I believe that we must reach our brother, never toning down our fundamental oppositions, but meeting him when he asks to be met, with a reason for the faith that is in us, as well as with a loving sympathy for them as brothers. “We understand because we believe,” as St. Anselm says and how can they understand with a darkened reason, lacking this faith which is our privilege to possess which would enlighten their minds? Maritain says he is more certain of his faith than he is of his own existence, since Primordial Truth has told him through the intermediary of the Church which is itself an object of faith. St. Thomas, he quotes as saying we are led to faith by the natural reason, the testimony of the law and the prophets, and the preaching of the Apostles and their successors. But if the Communists do not accept this authority and if their reason is darkened, how can they reach the faith which they must have in order to know and understand?
The bridge - it seems to me - is love and the compassion (the suffering together) which goes with all love. Which means the folly of the Cross, since Christ loved men even to that folly of failure.
St. Therese said her aim was to make God loved. And I am sure that we pray to love God with an everlasting love (Pascal said we would not search for Him if we had not already found Him) and yearn over our fellows in desire that He should be loved. How can they hear unless we take seriously our lay apostolate and answer them when they speak to us? We believe that God made them and sustains them. It is easier sometimes to see His handiwork here than in the Pecksniffs and Pharisees of our capitalist industrial system. We must cry out against injustice or by our silence consent to it, and if we do not cry out the very stones of the street will, as Jesus has said.
And what about Fr. Duffy, people are asking. Just yesterday a reporter from an information sheet run by ex-FBI men for business men, called up, and every day or so there are other calls.
Here we have a priest in politics, not coming out in favor of bingo, but concerning himself with peace and war, land and cooperatives, housing and the condition of the poor. He is, in order to be heard, involving himself on the Communist side in that Communists are in the Non-Partisan League, the American Labor Party, the Irish Progressives, etc.
“I am speaking where they invite me, I am reaching the poor,” he says with a brogue that endears him to New York radicals and utterly confuses the Catholics of New York and Boston. (He was mobbed on one occasion by some pious zealots who tried to tear his collar off, the symbol to them of his priesthood.) “I am trying to go where they never hear or see a priest,” he says. “I am trying to bring them the word of God.”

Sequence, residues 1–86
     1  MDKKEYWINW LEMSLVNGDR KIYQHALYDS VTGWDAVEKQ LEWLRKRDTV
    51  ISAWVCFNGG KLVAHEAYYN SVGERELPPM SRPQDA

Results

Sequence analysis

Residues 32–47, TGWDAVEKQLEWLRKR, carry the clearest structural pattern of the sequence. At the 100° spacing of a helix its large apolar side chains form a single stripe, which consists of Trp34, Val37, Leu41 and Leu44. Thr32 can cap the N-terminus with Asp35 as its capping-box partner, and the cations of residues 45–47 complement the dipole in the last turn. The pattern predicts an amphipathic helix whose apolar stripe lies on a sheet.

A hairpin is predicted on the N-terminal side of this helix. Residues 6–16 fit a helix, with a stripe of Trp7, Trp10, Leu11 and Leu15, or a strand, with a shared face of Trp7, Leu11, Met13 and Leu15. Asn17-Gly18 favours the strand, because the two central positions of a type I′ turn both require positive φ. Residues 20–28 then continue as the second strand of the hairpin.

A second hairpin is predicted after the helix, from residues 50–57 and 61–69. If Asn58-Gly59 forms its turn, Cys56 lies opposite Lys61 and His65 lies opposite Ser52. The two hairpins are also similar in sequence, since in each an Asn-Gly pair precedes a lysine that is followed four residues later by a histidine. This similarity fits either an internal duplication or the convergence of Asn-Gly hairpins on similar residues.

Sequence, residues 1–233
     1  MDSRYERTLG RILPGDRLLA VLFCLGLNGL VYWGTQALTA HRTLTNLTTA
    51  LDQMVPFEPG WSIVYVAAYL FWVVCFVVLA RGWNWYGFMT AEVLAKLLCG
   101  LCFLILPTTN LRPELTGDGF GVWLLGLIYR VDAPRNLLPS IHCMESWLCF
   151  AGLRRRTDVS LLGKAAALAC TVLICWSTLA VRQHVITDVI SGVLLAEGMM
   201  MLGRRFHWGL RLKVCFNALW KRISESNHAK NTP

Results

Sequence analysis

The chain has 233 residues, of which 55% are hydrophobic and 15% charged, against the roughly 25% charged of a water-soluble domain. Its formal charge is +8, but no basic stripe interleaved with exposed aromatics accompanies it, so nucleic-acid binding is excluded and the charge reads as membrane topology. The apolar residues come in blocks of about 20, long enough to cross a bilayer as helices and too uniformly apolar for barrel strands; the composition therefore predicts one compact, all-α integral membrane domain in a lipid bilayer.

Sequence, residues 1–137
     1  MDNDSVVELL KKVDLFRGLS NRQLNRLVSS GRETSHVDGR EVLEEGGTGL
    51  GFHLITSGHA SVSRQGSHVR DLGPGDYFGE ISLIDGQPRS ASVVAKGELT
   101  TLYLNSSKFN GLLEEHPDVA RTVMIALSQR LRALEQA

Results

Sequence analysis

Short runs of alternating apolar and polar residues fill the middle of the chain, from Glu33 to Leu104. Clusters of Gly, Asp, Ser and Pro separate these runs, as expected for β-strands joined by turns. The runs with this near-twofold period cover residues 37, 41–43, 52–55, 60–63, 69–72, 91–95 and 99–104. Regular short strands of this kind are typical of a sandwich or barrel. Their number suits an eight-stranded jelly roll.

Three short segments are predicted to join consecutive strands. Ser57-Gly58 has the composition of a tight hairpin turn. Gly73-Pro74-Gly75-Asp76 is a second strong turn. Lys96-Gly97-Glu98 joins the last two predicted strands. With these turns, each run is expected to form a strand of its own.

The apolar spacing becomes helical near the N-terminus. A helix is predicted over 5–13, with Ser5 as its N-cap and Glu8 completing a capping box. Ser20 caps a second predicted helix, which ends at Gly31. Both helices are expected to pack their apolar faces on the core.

No one can doubt his sincerity and goodness. Fr. Duffy, well known too our readers, is a man without guile. What fault he has is a terrible impatience which makes him a hard man to work with anywhere. He wants to see results, which makes him impatient of the CATHOLIC WORKER.
He thinks he is practical when he outlines on paper a good social order and then says with a child’s wonderment, “Why don’t they follow it?” In the face of constant emergencies and tragedies of temperament, sickness and disorder he says brusquely. “Go sit in Church. Read a chapter of the Imitation. Only God can help you.” And he suffers under his own helplessness to change men, to change the social order. So he takes refuge in writing and speaking to those no one else is reaching. Whenever he speaks, he points out his differences. On leave from Ireland, and having the courtesy of the diocese (to say Mass but not to preach or engage in regular parish work) he has no salary, no funds, and relying only on the dimes he gets for his pamphlets, he lives in a three-room cold flat and lives on Trappist fare. Of course he is an embarrassment to the diocese.
He is no St. Thomas, who was excommunicated at one time for drawing so many truths from Aristotle, a pagan philosopher brought by Moslem scholars from the East to the West.
He is no St. Alphonsus Liguori, who was also disciplined by the Church (they were handing out plenty of excommunications in those days) and finally kicked out of his own order. He is no Joan of Arc, who tried to go to the people in her own day. But in his own way he is stirring up thought on all sides. Others may come who will not reconcile Marxism to Christianity, but the Marxist to the Christ. There is truth to be found in Karl Marx as there was in Aristotle.
But the temper of the day is not peaceful. Only a few short years ago our present enemies were our allies, the allies of this government, and it was our C.O.s who were being arrested and confined for their beliefs, for not fighting side by side with Russia. We realize our opponents and I am sure Fr. Duffy does also. We are convinced once again, however, that not the weapons of force, nor the weapon of the lie which is used by both sides, will save us. Only Truth and Love. We must love seventy times seven, from the heart, and talk of it seventy times seven.
And as for the folly of this procedure, and the seeming triumph in this world of evil over good, Fr. De Lubac, the French Jesuit, writes:
“So long as we talk and argue and busy ourselves on the plane of this world, evil seems the stronger. More than that, whether evil distresses us or whether we exalt it, it alone seems real. The thing is to enter on another plane, to find that fourth dimension which represents the kingdom of the Spirit. Then Freedom is Queen, then God triumphs and man with Him.”